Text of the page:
The world needs to invest an estimated $10 trillion in the decades ahead to replace its current carbon-based power systems. The market opportunity is even larger when factoring in energy-demand growth and the electrification of transportation. That positions renewable power companies like Pattern Energy Group (NASDAQ:PEGI) for a massive upside in the coming years.

Pattern Energy has already grown its renewable generating capacity at a brisk pace since its formation in 2014. But all that growth has yet to create much value for its investors. While the company is working to change its approach, it still has some work to do. Because of that, investors should view it as a high risk/high reward opportunity. 

Wind turbines in a field with the sun setting in the background.

Image source: Getty Images.

The bull case for Pattern Energy

Pattern Energy currently owns 2.9 gigawatts (GW) of wind and solar power assets in the U.S., Canada, and Japan. That's nearly triple the size of its portfolio when it went public in 2013. The company sells the bulk of the power it generates under long-term contracts, which supplies it with predictable cash flow. Because of that, Pattern Energy's rapidly growing generation capacity has enabled it to expand its cash flow by 135%, giving it the power to increase its dividend 35% over that time frame, and boosting its yield to its current 9.3%.

Pattern Energy still has plenty of growth ahead since the company has access to a 10 GW development pipeline. It has already identified more than 700 MW of opportunities, giving it clear line-of-sight on its near-term expansion potential. In Pattern Energy's estimation, it can grow its cash flow at a high-single-digit to double-digit annual pace in the coming years as long as it has access to the capital it needs to fund the acquisitions it has coming down the pipeline.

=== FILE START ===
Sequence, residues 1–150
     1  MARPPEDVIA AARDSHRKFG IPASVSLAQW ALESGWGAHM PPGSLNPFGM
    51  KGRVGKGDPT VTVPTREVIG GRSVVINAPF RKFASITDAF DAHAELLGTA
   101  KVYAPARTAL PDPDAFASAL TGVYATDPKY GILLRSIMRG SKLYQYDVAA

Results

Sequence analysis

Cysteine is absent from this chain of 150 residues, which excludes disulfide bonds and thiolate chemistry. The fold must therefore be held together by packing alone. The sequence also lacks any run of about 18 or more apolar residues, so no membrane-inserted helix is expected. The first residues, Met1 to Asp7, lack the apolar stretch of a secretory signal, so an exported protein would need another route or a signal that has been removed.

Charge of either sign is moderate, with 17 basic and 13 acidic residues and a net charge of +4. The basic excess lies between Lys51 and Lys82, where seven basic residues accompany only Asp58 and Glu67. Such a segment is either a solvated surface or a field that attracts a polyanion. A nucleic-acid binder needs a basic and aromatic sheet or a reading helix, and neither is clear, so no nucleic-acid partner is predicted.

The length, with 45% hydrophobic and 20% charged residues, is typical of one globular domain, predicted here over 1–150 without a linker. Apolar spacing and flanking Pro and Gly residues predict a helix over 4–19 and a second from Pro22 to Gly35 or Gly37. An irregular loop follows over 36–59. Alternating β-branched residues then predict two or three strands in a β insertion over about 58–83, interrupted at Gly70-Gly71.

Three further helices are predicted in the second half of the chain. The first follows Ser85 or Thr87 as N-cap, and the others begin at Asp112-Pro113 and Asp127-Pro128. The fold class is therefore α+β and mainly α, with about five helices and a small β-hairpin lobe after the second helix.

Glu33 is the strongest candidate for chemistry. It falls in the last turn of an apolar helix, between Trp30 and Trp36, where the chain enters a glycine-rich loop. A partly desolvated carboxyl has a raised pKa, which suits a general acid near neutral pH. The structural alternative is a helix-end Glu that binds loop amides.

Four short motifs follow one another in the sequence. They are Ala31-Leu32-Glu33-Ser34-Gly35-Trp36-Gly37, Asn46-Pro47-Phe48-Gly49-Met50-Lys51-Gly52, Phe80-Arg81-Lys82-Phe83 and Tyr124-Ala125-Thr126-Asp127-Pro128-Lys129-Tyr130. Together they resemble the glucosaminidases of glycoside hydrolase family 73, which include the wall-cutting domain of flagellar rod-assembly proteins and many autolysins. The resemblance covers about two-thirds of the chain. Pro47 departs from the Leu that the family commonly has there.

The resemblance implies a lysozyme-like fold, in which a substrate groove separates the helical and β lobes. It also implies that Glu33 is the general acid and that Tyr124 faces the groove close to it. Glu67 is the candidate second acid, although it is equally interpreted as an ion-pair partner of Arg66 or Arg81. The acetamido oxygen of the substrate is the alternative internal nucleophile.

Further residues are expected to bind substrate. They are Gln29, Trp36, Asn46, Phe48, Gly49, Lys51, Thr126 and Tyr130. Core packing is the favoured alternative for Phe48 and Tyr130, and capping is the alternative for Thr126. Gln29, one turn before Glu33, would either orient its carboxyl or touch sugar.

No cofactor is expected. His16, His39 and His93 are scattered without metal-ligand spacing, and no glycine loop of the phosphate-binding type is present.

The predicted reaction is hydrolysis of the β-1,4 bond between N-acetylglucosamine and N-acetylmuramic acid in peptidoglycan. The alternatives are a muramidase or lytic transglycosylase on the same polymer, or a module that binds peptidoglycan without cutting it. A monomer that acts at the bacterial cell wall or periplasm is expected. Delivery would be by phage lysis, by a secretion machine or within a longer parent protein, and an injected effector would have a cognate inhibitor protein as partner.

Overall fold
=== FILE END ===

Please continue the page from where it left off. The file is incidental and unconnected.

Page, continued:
The bear case for Pattern Energy

While Pattern Energy has grown its cash flow and dividend at a brisk pace over the past few years, this expansion hasn't created much value for investors. Overall, shares are down nearly 22% since its IPO, though its total return is almost 10% after adding in the dividend, which has still vastly underperformed the S&P 500's more than 80% total return over that time frame.

One reason for this is that Pattern Energy has issued a boatload of new stock to finance its fast-paced growth, with its outstanding-share count ballooning 90% since its IPO. At the same time, it has borrowed nearly $2.3 billion, which has pushed its leverage ratio up from 0% to about 50% of its enterprise value. Meanwhile, it has increased its dividend at such a fast pace, that it's currently paying out close to 100% of its cash flow. While this business model enabled the company to rapidly increase the size of its portfolio, it has stretched the limits of its financial flexibility.

Pattern Energy is working to address this situation. The company stopped increasing its dividend at the end of last year, which will enable it to slowly improve its payout ratio from nearly 100% to a more comfortable long-term target of around 80%. In addition, the company sold its assets in Chile to bolster its liquidity. Those steps will help improve the company's financial flexibility and its ability to get funding over the long term.

The risk could be well worth the reward

Pattern Energy has grown at a brisk pace over the years by selling stock and issuing new debt to expand its portfolio and dividend. However, it has yet to create value for investors because its business model was focused instead on growing the size of the company. That should change going forward given that Pattern Energy has taken steps to improve dividend coverage as well as its balance sheet. 

On the one hand, Pattern Energy is a riskier opportunity compared with other top renewable energy companies, which is why some investors might want to put it on their watchlists until it gets its financials on a firmer footing. On the other, its currently discounted valuation, high yield, and visible growth make an attractive option for risk-tolerant investors to buy for the long haul. 

Matthew DiLallo has no position in any of the stocks mentioned. The Motley Fool has no position in any of the stocks mentioned. The Motley Fool has a disclosure policy.